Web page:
The Adapted Family

I'm participating in the Define Normal Blog Hop this week where the challenge has been given to us special  needs mums to define what we consider normal in our lives and embrace the things that make us different to other families.

I was thinking about this and started remembering stuff I learned a long (very long) time ago at University when I was an undergrad studying Social Anthropology.  My interest was specifically how peoples adapt to their environment and how communities evolve to take into account the external influences of their environment.  For those of you who are curious, my dissertation was on the significance of the Potlatch Ceremony among the Kwakiutl peoples of the Pacific North West....but that is all another world away..

So I was musing on the blog hop topic, which focuses on the things we take for granted as special needs families which may be perceived as weird or odd in the wider world and I realised that what we all do is adapt, what actually is "normal" anway?  The only thing that is actually normal is a cycle on the washing machine... we have all adapted to fit our own influences that shape our family.  Things that I take for granted like putting a tube into my daughter's tummy to empty her bladder are clearly a bit away from the norm for any 7 year old, but we have adapted our lives to accept that if she is going to avoid urine infections this is what we need to do.  The normal for us is that way because our family has adapted to survive as a unit around the demands of the needs of the individuals in it.  We all do what works for our family unit, regardless of whether or not there are additional needs.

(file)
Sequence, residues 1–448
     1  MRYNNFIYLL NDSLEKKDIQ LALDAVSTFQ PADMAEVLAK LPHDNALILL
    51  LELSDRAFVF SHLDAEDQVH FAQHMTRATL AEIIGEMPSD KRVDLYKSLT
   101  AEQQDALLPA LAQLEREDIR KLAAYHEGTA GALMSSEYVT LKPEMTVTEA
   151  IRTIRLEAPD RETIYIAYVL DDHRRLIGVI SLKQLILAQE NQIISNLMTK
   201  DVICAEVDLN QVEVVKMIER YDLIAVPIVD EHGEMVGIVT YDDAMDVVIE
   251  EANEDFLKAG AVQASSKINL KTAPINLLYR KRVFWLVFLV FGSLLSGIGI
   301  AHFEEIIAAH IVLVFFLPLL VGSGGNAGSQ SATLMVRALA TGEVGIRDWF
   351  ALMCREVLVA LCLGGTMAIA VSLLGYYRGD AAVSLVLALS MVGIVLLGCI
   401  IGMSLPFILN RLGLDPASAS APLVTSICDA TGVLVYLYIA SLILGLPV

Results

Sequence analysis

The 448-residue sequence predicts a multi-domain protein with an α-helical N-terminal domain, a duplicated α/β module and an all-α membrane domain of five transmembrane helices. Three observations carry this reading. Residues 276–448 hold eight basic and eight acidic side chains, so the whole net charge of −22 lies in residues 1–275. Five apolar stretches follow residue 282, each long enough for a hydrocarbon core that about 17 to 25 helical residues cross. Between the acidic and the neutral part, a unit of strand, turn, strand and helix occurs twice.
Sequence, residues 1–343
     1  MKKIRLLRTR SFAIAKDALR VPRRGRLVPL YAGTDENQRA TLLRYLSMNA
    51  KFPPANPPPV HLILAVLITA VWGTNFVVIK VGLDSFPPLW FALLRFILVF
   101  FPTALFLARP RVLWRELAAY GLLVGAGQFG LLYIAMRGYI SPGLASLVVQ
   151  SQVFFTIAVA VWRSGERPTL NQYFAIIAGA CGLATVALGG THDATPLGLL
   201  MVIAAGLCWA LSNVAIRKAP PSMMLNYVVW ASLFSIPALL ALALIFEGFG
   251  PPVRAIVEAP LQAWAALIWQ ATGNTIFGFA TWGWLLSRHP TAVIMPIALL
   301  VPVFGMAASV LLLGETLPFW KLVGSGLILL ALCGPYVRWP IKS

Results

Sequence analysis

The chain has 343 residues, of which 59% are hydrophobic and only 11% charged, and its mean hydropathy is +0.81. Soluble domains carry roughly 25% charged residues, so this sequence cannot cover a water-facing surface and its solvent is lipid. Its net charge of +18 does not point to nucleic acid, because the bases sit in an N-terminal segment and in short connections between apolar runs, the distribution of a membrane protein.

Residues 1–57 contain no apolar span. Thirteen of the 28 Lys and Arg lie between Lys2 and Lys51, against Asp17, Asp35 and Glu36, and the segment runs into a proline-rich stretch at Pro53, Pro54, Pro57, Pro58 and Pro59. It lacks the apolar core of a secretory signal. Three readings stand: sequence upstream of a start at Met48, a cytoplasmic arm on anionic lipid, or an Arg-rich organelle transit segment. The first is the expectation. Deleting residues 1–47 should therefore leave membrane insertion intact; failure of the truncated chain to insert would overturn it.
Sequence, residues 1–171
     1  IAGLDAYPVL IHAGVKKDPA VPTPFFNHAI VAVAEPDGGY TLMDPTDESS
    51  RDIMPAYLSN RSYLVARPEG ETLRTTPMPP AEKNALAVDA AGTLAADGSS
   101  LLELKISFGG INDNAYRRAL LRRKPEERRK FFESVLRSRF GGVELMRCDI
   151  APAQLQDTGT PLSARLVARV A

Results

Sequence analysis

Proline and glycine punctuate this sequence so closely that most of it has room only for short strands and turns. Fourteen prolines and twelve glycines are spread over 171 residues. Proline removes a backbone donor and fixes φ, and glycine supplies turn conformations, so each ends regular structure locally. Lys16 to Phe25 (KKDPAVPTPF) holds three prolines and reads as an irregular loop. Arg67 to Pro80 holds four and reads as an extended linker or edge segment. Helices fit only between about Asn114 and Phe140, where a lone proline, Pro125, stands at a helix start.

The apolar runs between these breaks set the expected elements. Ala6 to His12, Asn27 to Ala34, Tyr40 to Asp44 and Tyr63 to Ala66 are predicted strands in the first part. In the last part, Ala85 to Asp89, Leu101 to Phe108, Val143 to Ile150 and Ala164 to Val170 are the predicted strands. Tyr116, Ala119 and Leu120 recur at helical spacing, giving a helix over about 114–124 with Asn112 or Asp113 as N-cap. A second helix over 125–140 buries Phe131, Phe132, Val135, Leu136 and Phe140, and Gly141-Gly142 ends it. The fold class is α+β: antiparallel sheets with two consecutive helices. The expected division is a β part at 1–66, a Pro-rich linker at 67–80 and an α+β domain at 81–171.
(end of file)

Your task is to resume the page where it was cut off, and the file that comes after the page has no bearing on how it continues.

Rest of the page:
I had an idealised vision of perfect children and a perfect family life when I embarked on this parenting adventure but years later with redundancy, bereavement, disablity, hospitals, depression, autism all rearing their heads we have adapted to a life that works for us, it may for those looking in seem different, but then this is my norm.  I found myself writing an encouraging message to a friend who is going to be trained up soon to administer TPN ( Total Parenteral Nutrition) , in the same way we were trained nearly 4 years ago.  I told her that in all honesty I actually enjoy doing TPN, it is so embedded in our routine that it is the norm, I like that time in the evening when I shut the door and prepare all the IVs and equipment and connect Daisy's drip, I have the same feeling that I have when I see one of my other children finish off a healthy meal , I know that the work I have done is nourishing Daisy and keeping her alive.